I'm not sure if "flawed" would be the right word here, and maybe it would be a more persuasive argument to avoid that concept altogether. If I had the opportunity to talk to the Ubisoft writers, I wouldn't necessarily even talk about it in terms of personality features that would make an assassin into a great assassin. Instead, I'd ask them to think about what traits would make life as an assassin possible, and only then to think about whether that person requires extra coping mechanisms and if so what they should be. With that mindset, I doubt we'd be seeing the Ezio/Edward/Arno chuckling swashbuckler* quite so much.

* I'm being a bit crude about those characters there - obviously they do have more to them than this, but I think the reason we're having this conversation is because of the prominent moments of weirdness that players have experienced with these characters.

VestigialLlama4
04-10-2015, 09:01 AM
But we do. We kill people to make money, and we spend the money to make more money. The number of strictly moral killings, where we are certain of the justification, are dwarfed by the number of straight-up impassive killings we take on.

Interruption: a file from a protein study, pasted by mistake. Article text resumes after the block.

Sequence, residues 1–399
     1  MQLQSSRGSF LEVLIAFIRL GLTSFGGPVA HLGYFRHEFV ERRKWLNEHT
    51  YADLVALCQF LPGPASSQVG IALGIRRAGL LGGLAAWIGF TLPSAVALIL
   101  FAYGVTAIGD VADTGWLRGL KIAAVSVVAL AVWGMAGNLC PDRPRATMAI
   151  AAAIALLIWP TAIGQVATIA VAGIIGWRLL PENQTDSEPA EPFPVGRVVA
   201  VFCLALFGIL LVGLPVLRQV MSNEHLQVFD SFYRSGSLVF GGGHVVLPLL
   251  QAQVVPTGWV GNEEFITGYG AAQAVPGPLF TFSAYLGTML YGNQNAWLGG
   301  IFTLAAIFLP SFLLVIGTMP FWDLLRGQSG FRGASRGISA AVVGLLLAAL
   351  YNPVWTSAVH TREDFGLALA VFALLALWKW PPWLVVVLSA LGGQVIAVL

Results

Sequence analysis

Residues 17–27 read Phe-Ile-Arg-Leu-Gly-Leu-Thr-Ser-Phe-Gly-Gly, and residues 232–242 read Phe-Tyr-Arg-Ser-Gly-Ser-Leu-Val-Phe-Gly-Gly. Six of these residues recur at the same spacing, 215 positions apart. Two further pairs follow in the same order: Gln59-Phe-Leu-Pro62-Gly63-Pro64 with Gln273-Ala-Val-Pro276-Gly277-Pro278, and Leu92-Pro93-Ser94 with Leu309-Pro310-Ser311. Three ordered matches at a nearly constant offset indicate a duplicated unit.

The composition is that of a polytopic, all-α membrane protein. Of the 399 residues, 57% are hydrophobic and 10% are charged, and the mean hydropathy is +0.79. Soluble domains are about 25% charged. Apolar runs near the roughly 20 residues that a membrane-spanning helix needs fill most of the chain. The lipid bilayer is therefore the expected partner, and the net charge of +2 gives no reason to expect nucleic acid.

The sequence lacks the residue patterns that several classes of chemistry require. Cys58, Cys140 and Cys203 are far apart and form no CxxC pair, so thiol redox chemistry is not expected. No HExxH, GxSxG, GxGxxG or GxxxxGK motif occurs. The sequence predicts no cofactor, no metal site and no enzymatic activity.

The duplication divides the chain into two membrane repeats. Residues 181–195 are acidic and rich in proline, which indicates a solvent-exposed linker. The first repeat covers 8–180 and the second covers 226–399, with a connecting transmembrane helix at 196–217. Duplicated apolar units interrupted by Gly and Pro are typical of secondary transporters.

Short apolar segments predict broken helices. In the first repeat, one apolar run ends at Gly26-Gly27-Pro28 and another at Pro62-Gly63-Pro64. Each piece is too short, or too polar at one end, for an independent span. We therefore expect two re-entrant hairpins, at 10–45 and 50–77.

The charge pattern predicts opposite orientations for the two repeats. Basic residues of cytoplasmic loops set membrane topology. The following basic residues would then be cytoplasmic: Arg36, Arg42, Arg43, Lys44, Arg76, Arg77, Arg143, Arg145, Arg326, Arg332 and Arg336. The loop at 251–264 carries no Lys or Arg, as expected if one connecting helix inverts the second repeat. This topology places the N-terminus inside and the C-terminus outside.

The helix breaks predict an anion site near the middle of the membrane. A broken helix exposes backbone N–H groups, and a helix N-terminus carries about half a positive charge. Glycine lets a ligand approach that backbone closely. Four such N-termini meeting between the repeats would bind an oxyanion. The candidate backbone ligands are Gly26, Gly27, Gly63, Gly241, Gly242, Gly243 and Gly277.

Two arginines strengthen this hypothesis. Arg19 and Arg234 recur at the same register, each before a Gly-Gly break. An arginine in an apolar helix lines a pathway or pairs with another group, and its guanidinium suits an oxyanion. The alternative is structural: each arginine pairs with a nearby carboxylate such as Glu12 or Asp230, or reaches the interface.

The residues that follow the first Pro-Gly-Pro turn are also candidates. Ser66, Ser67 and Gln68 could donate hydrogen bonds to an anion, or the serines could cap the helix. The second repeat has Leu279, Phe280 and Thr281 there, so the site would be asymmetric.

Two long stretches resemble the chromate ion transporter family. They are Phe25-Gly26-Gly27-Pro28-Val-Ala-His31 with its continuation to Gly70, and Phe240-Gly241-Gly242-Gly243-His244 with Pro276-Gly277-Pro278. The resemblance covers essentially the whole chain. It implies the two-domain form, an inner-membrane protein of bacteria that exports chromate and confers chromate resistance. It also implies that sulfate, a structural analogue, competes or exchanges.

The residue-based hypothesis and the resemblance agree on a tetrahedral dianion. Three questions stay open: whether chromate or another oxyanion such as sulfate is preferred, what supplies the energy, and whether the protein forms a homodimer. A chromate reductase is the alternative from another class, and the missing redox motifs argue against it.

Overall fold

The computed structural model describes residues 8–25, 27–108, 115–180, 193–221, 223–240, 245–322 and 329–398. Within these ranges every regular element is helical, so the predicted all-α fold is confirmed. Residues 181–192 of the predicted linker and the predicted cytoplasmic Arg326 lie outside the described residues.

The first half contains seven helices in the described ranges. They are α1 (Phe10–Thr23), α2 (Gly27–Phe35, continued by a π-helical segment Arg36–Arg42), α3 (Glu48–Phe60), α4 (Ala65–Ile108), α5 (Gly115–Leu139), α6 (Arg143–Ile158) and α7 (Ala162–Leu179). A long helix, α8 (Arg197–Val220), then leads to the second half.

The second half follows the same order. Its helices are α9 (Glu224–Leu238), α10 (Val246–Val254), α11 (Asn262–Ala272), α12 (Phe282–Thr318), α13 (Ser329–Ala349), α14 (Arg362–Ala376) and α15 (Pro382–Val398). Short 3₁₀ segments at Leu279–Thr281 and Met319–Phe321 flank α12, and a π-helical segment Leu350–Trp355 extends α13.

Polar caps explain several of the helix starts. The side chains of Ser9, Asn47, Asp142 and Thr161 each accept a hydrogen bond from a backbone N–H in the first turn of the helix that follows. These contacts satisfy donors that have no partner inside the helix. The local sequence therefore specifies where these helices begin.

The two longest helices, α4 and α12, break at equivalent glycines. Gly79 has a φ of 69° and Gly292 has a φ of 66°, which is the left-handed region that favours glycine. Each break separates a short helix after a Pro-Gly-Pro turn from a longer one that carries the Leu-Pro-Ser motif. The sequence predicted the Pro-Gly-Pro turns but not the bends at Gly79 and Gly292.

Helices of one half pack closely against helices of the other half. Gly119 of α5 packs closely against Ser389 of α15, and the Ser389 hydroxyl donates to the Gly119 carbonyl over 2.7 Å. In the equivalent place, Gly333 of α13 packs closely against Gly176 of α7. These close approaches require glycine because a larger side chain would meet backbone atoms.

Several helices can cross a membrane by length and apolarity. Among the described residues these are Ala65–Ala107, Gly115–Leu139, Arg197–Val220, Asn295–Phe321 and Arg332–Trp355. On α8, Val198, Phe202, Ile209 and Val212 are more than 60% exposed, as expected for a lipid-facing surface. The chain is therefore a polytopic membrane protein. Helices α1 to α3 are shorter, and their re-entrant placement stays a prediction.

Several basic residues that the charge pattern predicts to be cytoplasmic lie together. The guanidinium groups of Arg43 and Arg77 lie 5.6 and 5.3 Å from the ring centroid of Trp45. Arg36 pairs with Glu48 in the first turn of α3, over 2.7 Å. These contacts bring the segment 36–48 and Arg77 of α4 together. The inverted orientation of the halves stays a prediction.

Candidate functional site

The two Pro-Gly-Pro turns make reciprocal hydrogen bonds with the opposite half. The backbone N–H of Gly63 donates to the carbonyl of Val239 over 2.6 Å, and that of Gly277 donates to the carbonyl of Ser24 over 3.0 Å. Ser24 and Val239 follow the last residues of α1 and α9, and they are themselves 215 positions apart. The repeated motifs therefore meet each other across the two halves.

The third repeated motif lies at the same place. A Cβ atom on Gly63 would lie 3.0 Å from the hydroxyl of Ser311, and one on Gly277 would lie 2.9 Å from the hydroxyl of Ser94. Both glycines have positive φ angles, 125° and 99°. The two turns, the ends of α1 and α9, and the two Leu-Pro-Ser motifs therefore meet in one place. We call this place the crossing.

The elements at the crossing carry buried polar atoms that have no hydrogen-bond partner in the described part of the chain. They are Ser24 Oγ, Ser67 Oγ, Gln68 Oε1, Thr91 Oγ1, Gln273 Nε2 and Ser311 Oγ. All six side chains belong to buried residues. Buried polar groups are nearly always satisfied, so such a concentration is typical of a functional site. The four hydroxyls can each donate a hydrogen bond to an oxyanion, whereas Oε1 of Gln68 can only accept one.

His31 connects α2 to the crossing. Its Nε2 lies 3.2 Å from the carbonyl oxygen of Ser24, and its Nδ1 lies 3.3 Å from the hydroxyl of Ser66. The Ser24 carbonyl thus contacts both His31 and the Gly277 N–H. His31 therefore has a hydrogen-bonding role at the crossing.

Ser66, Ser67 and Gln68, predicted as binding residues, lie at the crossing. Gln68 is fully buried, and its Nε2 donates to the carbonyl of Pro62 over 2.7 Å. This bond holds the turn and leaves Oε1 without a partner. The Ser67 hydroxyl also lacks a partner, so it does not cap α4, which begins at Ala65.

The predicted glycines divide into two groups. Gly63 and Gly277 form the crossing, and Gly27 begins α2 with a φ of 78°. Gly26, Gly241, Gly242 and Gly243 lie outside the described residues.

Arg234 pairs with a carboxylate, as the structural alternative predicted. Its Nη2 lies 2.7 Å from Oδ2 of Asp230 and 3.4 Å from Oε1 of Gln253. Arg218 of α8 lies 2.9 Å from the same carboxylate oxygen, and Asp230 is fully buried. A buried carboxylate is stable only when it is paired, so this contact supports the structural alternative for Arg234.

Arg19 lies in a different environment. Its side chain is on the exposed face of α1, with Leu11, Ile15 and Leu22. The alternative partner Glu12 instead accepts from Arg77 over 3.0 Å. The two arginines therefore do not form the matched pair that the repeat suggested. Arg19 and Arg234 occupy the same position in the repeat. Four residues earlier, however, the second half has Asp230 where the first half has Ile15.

... ...
I'm being a bit crude about those characters there - obviously they do have more to them than this, but I think the reason we're having this conversation is because of the prominent moments of weirdness that players have experienced with these characters.

Well that's what I mentioned about ludonarrative dissonance (a mouthful of a phrase I know), what we can do in the gameplay (kill all non-civilian NPCs) versus how the story presents that character. I always see that as a superficial approach of gaming, because as you say, it makes all characters be "this grizzled badass guilt-ridden PTSD mess" and the truth is that even people who suffer from PTSD aren't sullen and violent all the time.